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Bank of New York v. United States.

decided: August 24, 1948.

BANK OF NEW YORK
v.
UNITED STATES.



Author: Mclaughlin

Before MCLAUGHLIN and O'CONNELL, Circuit Judges, and LEAHY, District Judge.

MCLAUGHLIN, Circuit Judge.

This is an appeal from a judgment of the District Court in an action for the recovery of alleged overpayment of estate taxes. The case was tried below without a jury on the complaint, answer, amended answer and stipulation of facts, in accordance with an order allowing a separate trial of the government's affirmative defense that the taxpayer is estopped to maintain the suit. This was the only issue before the court.

The decedent, Edward R. Nichols, died September 30, 1935, a resident of Essex County, New Jersey. His will was duly probated with appellant named as executor and qualifying as such. On December 18, 1936, appellant reported a tax liability in its estate tax return of $3,204,215.41, which it paid on that date. The return included the following items set out in paragraph ten of the complaint:

"(a) Item 1 - 22,987 shares of Allied Chemical & Dye Corp., common stock, no par (New York) at 169 1/2, valued at $3,861,816.00.

"(b) Item 2 - 3,056 shares Allied Chemical & Dye Corp., preferred stock, par $100 (New York) at 125 3/4, valued at $384,292.00.

"(c) Item 8 - 14,505 shares Phelps Dodge Corp. stock par $25. (New York) at 24 3/8, valued at $353,559.37."

On August 28, 1937, the Deputy Commissioner sent appellant a thirty day deficiency letter advising of a proposed deficiency assessment of $1,304,294.94 before allowance of the eighty per cent credit for state inheritance taxes, making a proposed net deficiency of $363,283.90. This was based primarily on the inclusion in the gross estate of property transferred by decedent prior to his death. Three items of stocks and bonds were listed, one of which was item 1 above. The only thing done with reference to these was to add accrued income. Their base valuation was not disturbed. Appellant, through its attorney, answered that letter November 24, 1937, saying:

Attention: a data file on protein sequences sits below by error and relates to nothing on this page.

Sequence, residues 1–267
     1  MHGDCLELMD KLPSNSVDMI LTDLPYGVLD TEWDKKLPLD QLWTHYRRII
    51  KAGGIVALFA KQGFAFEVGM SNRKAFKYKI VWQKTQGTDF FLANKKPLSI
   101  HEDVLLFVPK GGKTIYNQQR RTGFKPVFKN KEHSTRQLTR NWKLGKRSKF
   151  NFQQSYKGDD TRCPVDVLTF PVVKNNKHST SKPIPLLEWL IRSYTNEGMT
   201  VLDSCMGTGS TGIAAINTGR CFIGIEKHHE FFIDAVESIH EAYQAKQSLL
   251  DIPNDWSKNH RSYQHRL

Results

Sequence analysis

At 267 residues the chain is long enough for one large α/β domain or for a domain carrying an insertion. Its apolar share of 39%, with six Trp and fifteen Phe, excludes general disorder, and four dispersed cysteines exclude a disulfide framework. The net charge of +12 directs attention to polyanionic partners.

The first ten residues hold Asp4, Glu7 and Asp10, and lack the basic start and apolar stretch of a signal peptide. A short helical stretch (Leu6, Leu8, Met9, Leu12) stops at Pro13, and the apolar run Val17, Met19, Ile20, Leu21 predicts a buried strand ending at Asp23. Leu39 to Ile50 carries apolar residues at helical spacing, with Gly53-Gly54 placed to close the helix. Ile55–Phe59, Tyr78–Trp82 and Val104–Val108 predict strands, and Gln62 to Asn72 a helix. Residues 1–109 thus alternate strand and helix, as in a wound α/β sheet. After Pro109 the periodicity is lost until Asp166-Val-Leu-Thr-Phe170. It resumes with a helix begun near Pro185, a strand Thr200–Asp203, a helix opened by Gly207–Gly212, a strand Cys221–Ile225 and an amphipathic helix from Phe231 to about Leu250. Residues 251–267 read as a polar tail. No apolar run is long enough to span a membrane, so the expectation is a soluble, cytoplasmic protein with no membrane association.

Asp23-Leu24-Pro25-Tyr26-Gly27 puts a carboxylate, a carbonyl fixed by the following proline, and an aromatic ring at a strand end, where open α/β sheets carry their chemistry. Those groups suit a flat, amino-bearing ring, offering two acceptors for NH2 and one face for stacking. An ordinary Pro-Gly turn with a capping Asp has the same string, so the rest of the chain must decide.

"1. The above letter proposed to add to the gross estate an amount of $743,700.26 as transfers alleged to have been made in contemplation of death. In order to avoid litigation and to dispose of the entire case promptly, the executor will consent to the addition of $318,722.85 to the gross estate in lieu of the above amount of $743,700.26.

"2. All other items protested by the executor are waived.

"3. The attorneys' fees will be reduced from $200,000 to $150,000.

"4. The executor's commissions will be reduced from $272,666.59 to $180,743.33.

"It is understood that the credit for state, estate and inheritance, legacy or succession taxes paid will be allowed upon the presentation of evidence required under Article 9, Regulations 80.

"It is further understood that if this settlement, which is submitted in the form of a compromise, is not accepted, then this letter is not to be used in any way in any proceedings before the United States Board of Tax Appeals, the ...


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